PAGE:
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It’s been my opinion for a while now that all-you-can-eat subscription services like Netflix are going to be a temporary thing with a limited window of success. Back when movie streaming was a minor thing aimed at a niche, tech savvy audience, it probably made sense for studios to sign deals with Netflix giving them access to their film libraries. Even five years ago high speed Internet wasn’t so ubiquitous, and if you wanted to stream something over the Internet, that pretty much meant you were streaming it to your computer monitor. But in today’s world of omnipresent wifi and apps that allow everyone to stream movies to smart TVs, video game consoles, app-enabled Blu-ray players, smart phones, and tablet computers, the entire game has changed.

Now people can stream movies wherever they are, whenever they want. And they do… a lot. I think we’ve all seen that statistic floating around that 1/3 of all Internet traffic in the evenings comes from people streaming movies through Netflix. While I’m not in any position to prove that such a statistic is true, let’s just assume that it’s mostly true; that accounts for a huge amount of movie watching that ten years ago was being done through the more profitable to studios vehicle of DVD purchases and rentals.

Recent looks at the film industry’s health have shown that the only two places where the industry is seeing any growth are in the sale of high definition Blu-ray discs and in video on demand streaming. With the entire home video market ditching DVDs and becoming streaming right before our eyes, it’s long past time that the studios start taking steps to regain a bigger piece of the pie. That means killing streaming services like Netflix, where they’re paid pennies every time a movie they own gets watched, and promoting pay-per-view video on demand services that generate more income; which means we’re about to enter a period of open hostility between Netflix and the people who produce the content they’re reliant on for subscribers.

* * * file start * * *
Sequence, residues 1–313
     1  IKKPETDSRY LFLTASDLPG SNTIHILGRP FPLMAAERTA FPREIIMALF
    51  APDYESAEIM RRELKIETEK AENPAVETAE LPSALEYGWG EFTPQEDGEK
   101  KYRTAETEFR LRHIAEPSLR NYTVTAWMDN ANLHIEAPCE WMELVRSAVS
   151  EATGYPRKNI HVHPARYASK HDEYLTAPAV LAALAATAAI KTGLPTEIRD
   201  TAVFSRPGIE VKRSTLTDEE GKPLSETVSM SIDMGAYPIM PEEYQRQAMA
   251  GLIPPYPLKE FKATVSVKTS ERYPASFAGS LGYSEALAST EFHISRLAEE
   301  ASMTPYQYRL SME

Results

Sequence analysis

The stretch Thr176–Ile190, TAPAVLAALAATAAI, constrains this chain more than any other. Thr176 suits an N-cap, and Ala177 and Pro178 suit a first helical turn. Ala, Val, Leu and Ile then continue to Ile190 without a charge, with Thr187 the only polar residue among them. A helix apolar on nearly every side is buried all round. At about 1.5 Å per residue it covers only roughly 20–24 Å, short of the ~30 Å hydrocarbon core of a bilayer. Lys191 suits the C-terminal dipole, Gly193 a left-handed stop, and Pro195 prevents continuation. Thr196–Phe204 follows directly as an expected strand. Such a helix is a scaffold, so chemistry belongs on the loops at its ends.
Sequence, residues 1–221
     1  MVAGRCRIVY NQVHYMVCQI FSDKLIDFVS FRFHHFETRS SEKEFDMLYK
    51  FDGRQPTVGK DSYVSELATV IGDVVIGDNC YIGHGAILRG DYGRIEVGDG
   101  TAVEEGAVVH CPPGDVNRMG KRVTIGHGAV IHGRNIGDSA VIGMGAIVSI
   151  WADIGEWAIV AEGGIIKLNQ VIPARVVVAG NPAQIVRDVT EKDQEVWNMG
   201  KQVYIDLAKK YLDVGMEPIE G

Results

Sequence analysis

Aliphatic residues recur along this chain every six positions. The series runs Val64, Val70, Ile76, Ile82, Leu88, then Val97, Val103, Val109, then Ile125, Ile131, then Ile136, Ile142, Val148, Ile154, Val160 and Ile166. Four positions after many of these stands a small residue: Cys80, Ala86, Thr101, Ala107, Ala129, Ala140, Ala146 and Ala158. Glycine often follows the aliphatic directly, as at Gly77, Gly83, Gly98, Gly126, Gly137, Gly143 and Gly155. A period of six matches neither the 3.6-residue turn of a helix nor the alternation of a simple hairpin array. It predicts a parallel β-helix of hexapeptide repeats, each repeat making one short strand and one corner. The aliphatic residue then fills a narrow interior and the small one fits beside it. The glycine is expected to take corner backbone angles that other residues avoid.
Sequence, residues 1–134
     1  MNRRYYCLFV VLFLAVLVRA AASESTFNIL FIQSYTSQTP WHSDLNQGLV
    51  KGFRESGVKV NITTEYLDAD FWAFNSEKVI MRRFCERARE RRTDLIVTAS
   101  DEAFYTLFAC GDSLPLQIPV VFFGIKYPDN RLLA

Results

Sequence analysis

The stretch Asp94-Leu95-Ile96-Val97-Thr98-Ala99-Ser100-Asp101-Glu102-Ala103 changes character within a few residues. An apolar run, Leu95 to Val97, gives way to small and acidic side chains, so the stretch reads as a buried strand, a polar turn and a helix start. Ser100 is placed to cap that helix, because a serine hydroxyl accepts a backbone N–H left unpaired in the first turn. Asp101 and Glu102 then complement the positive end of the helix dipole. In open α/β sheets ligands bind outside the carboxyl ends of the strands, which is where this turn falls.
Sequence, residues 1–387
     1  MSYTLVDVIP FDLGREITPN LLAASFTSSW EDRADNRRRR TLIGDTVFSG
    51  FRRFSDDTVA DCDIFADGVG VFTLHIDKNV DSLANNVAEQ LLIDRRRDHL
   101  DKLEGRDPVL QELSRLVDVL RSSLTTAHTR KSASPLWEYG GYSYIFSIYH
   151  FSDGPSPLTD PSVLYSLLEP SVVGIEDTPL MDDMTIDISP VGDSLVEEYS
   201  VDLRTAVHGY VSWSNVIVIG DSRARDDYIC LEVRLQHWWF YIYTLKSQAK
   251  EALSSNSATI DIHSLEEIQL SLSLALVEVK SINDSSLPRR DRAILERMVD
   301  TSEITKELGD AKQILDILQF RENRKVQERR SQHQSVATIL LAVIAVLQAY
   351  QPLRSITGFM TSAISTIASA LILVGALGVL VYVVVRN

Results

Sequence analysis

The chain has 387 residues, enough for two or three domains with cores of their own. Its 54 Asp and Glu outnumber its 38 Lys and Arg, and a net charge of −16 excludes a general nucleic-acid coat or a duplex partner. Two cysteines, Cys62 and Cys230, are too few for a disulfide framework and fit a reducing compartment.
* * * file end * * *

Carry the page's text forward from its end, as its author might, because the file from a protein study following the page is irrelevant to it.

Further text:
The first shots in that war may have very well just gotten fired. A report from Deadline Reseda says that, at this year’s CES, Warner Bros. has announced that the window between when a movie gets released on DVD and when Netflix can begin offering it to its subscribers has just been doubled from 28 days to 56. Warner Home Video North America president Mark Horak said, “Since we implemented a 28 day window for subscription and kiosk, we have seen very positive results with regard to our sell-through business. One of the key initiatives for Warner Bros. is to improve the value of ownership for the consumer and the extension of the rental window — along with our support of UltraViolet — is an important piece of that strategy.”

What is UltraViolet?

It’s a service created through a partnership of most of the big studios and retailers that allows a person who purchases a film in any format the legal rights to stream it on pretty much any of their various electronic doodads. Training consumers to stream their content this way rather than through Netflix is going to be an essential step the studios will have to take if they want to keep making enough money to produce the big budget spectacles that audiences have come to expect from Hollywood. Warner Bros. trying to keep their DVDs out of Netflix’s hands is the first step, the next will be to wait and see if other studios follow suit. And perhaps after that we’ll start seeing studios letting their rights deals with Netflix lapse altogether, so that the only place consumers can acquire their movies will be in their own video on demand services where the studios see the bulk of the profits. If that comes to pass, then it will surely mean doom for the company famous for their little red envelopes. Whichever way the wind blows, the next five years are guaranteed to be both volatile and interesting for the home video market.


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